LAWS capable of autonomy are estimated to be some 20-30 years away in development terms. But the technology is developing rapidly: the DARPA (Defense Advanced Research Projects Agency) Robotics Challenge put up $3.5million in prize money this year (2015) Why would the defence arm of the US military establishment be interested in autonomous robots if not for military purposes?

Research into artificial intelligence (AI) is progressing and became the topic of many conversations following the successful television programme Humans. AI has many applications outside of the military[xii] but it is the weaponisation of this ‘intelligence’ that is the critical issue. The US LOCUST programme is concerned with the further development of swarms of autonomous robots that will ‘multiply combat power at decreased risk to the warfighter’.[xiii]

LAWS development has raised the possibility of a future arms race as nations compete for ‘superiority’. The security of computerised systems is another area receiving too little attention – the consequences of LAWS hacking could be horrific. We already know the impact of civilians lives lived under the threat of drones monitoring their every move – lives blighted by fear and resulting in deep-seated psychological trauma.[xiv] What will be the impact of advanced LAWS operating among civilian populations?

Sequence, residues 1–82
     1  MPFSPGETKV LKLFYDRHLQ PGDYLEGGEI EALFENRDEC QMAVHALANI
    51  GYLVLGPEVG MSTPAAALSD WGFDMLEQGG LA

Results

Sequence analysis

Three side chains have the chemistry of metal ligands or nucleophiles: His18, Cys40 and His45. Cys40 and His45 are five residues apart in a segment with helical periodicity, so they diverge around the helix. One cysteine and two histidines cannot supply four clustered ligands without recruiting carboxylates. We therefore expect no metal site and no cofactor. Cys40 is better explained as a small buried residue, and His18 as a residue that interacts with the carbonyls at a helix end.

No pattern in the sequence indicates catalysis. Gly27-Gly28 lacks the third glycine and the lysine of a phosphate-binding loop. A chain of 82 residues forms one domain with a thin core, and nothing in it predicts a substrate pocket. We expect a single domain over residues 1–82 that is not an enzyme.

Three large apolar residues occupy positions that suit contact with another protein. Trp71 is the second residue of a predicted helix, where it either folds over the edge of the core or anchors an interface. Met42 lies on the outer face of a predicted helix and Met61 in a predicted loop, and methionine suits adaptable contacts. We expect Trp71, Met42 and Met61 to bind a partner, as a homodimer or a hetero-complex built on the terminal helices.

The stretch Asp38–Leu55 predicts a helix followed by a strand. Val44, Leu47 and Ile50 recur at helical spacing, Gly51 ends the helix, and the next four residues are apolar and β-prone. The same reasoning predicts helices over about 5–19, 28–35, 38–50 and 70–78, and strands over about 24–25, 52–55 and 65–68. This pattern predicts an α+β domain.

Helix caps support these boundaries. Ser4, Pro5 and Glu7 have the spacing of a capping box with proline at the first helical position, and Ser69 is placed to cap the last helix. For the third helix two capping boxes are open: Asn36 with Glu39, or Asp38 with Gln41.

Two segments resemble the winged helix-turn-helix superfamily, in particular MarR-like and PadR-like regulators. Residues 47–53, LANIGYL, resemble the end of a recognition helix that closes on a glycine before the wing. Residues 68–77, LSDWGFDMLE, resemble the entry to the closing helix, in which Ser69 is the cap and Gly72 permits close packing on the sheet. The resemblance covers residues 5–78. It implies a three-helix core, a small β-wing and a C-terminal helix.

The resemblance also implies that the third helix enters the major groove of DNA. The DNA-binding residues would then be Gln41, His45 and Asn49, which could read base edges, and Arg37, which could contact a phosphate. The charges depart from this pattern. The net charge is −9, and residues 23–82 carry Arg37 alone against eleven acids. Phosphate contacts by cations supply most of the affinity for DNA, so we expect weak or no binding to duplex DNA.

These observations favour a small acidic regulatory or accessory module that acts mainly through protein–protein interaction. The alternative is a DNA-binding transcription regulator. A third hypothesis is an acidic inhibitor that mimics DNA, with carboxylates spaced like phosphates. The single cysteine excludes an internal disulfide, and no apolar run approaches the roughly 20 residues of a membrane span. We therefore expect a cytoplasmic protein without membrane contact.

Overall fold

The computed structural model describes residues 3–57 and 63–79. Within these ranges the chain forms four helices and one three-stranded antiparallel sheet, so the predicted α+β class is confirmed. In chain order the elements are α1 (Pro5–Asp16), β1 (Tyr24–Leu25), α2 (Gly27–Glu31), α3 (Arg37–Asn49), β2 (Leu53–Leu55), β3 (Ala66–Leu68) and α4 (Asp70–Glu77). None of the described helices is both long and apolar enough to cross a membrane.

Whilst there is nothing wrong with developing and using robotic technologies, both physical and AI, for economic or social purposes, we must question our own moral worth in delegating the responsibility for life and death decision making to robots.   The UK Section of WILPF is concerned that a ‘wait and see’ attitude prevails and may linger until it is too late. We remind our leaders that 105 states have signed up to the Protocol on Blinding Laser Weapons and ask why there is such reluctance by UK Government and other world leaders to take action and embrace a comprehensive, pre-emptive, prohibition on LAWS?


Documents, websites and other materials consulted:

WILPF is on the steering committee of the Campaign to Stop Killer Robots – please visit the site for much more information on this subject.

5 of the most advanced robots:

Luth, Andrew. Mind Over Machine: Why Human Soldiers are (and Will Remain) Better than Killer Robots (accessed 24 June 2015)

Human Rights Watch and the International Human Rights Clinic (IHRC) at Harvard Law School have published the following reports:

  • Shaking the Foundations: The Human Rights Implications of Killer Robots
  • Losing Humanity: The Case Against Killer Robots
  • Mind The Gap: The Lack of Accountability for Killer Robots



[ii] p10-11

[iii] p2





[viii]Human Rights Watch, Mind The Gap, p2-3

[ix]Human Rights Watch, Mind The Gap, p2-3


[xi] p.30-35



[xiv] (accessed 8 July 2015)

International Human Rights and Conflict Resolution Clinic, Living Under Drones, Sept 2012. (accessed 6 July 2015)


[1] p10-11

[1] p2





[1]Human Rights Watch, Mind The Gap, p2-3

[1]Human Rights Watch, Mind The Gap, p2-3


[1] p.30-35



[1] (accessed 8 July 2015)

International Human Rights and Conflict Resolution Clinic, Living Under Drones, Sept 2012. (accessed 6 July 2015)